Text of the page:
How To Write a Memoir
By Chris Brockman
Â Â Â Â Â Â Â Â Â Â Â Several years ago, when I decided I wanted to write a book, I took the proverbial long walk and pondered what I could write about.Â I considered that I knew a little about a lot of things and had some serious opinions about quite a few of them.Â As I thought of one thing after another that I would like to write about, the same disincentive kept popping up--I'd have to do a lot of research to become expert enough to write anything credible.
Â Â Â Â Â Â Â Â Â Â Then, it occurred to me to apply the writer's rule number one:Â Write what you know.Â What I knew best, what I was an authority on, was my own life; a memoir might be a perfect choice.Â Two objections presented themselves to me right away.Â The first:Â memoirs were very popular at the time.Â What if the memoir bubble burst before I could finish my own?Â I'd have to get to work and finish fast, I thought. Second, why would my memoir be of interest to a broad audience, and how could I make it be?
Â Â Â Â Â Â Â Â Â Â Â The first of these has taken care of itself.Â Though it took me years to complete my project, memoirs are hotter than ever.Â Besides, as I worked on my project, got deeperÂ into the time and place where I grew up, I no longer cared if my book would be a commercial success.Â It would be my book and my life, and I had something to say about my life that was important.
Â Â Â Â Â Â Â Â Â Â Â The answer to the second question worked itself out as I walked on.Â I was a Baby Boomer, andÂ I shared that with tens of millions of other Boomers. We were a distinct and distinctive group that had exercised a significant influence on our world since our inception.Â As a Baby Boomer, I could write about growing up as a Baby Boomer.Â The more I thought about it, the more I figured that my own experience was exemplary of the experiences of my generation.Â I had a project.
Â Â Â Â Â Â Â Â Â Â Â The task, then, was to figure out a way to write it.Â I personally didn't care for the way many memoirists did and still do add fictional elements to embellish their factual lives. To me, to be meaningful as a memoir, my own needed to be as close to the truth as possible.Â I only needed to choose which things about my growing up I thought were significant and exercise the writer's art in presenting them.Â A critical factor in this would be picking things that were likely to be shared experiences with and would provoke memories in my target audience, Baby Boomers.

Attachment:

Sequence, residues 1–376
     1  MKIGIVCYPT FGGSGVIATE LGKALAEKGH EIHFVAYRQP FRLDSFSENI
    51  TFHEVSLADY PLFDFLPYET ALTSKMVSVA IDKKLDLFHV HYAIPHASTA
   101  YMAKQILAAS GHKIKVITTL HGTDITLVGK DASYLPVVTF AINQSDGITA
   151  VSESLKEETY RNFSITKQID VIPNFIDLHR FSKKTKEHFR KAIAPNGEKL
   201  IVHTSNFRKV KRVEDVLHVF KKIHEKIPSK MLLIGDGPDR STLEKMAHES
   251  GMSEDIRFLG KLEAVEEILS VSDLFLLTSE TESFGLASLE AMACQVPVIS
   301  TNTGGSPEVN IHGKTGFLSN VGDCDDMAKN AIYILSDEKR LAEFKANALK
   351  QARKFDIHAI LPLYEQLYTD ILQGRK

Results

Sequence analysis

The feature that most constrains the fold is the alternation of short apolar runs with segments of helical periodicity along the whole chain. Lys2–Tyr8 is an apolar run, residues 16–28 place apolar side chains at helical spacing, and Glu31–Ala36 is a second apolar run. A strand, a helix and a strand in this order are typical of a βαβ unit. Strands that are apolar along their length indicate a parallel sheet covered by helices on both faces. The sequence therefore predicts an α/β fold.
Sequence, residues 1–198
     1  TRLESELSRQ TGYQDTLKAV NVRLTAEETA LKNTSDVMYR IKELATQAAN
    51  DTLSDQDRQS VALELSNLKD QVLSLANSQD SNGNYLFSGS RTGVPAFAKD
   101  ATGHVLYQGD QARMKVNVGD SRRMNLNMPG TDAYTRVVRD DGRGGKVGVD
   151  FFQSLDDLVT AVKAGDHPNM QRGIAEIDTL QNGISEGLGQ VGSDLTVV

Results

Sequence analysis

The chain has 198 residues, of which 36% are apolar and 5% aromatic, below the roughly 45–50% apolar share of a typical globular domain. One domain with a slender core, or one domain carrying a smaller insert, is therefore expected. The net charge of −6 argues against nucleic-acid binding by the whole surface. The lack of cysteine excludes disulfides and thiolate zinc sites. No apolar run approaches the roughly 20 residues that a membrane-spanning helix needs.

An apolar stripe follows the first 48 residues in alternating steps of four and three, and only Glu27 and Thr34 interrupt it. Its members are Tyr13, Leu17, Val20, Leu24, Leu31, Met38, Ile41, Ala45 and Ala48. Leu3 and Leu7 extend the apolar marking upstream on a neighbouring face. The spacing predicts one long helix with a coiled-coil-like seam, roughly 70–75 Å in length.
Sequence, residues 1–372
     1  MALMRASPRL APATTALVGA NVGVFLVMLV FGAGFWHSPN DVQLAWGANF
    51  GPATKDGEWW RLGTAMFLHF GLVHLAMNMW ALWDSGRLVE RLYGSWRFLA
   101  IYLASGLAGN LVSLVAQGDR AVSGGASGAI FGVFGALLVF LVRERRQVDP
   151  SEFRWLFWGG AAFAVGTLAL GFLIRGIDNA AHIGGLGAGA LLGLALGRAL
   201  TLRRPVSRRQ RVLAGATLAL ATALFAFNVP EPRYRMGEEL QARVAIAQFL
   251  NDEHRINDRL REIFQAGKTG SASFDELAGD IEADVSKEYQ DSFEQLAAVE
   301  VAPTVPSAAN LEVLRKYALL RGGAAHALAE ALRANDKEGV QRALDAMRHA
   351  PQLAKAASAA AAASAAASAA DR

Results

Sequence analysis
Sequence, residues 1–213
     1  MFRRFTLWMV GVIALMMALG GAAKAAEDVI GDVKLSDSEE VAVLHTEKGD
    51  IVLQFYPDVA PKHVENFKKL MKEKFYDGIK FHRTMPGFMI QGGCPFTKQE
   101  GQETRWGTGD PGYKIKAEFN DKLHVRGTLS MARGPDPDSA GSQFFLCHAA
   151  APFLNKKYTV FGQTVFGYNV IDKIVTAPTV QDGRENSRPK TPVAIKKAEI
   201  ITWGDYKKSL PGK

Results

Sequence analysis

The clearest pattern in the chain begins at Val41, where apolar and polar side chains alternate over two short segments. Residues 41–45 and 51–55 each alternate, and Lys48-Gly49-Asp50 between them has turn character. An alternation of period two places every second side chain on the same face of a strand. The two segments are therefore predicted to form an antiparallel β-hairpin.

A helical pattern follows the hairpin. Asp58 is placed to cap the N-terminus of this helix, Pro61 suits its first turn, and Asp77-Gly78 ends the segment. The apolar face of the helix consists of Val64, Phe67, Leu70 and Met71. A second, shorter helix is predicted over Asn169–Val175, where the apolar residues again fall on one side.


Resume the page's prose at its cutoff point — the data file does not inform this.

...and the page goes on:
Â Â Â Â Â Â Â Â Â Â Â I decided to limit my time frame to only up to about fifteen or sixteen years old.Â Then, I organize my recollections by categories, such as my home place, my immediate environment, the jobs I'd had, my young loves, and so on.Â These would be like bins I could put like memories into.Â They also were general categories that I shared with anyone from my generation and others as well.Â Into each would go my own particular memories that would make each shared category my own.Â
Â Â Â Â Â Â Â Â Â Â Â With this format in mind, I began to access and write about things that were important to me growing up.Â I mostly wrote in one category at a time, though logical revision resulted in switching some memories from one category to another and adding a few new ones.Â I also checked out my memories and supplemented them by chatting with some of my Â older relatives in person and on the phone.Â This whole process took several years, and in the interim, one of my aunts, one of my uncles, and at least one of my old neighbors, who were sources of information, passed away.
Â Â Â Â Â Â Â Â Â Â Â Another critical element was to apply analysis and evaluation to the history I was writing.Â I chose to use tone principally and eschew outright analysis.Â This was already an inherent part of what I was writing.Â The choices I made in what to write about contributed to this, and the way I felt about them came through in word choice and other elements of voice.Â I had some definite opinions about the time and place of my growing up before I started, and these came through the whole as recognizable but not heavy handed themes.Â To me the kind of memoirs that merely recount happenings with no feel for why they were important or what they meant makes for dreary, textbook-like writing and reading.
Â Â Â Â Â Â Â Â Â Â I applied the final finish and buffed up the manuscript through repeated and meticulous editing and proofreading.Â As a college English instructor, this was extremely important to me.Â I revised and rearranged text so many times that this itself gave rise to a problem.Â To maintain integrity, one change or addition might entail several others elsewhere in the manuscript.Â This was not only true for meaning and avoiding redundancy, adding sentences or changing sentence structure sometimes resulted in grammar and punctuation errors that were difficult to ferret out.Â This took repeated readings, and the problem with that is the mind's eye seeing things the way they should be, rather than how they are.
Â Â Â Â Â Â Â Â Â Â Â In the end, I had a product that passed my own muster of what a memoir should be.Â It was the truth as I saw it, it was comprehensive enough to evoke the big picture, it contained embedded thoughtful reflection on the history it related, and it met my personal standards for coherence and structural and mechanical integrity.Â
Chris Brockman's Growing Up in Boom Times was published in June '11 and is available from the publisher http://www.authorhouse.com/Bookstore/BookHome.aspx
and Amazon.com or Barnesandnoble.com
Â Â Â Â Â Â Â Â Â Â Â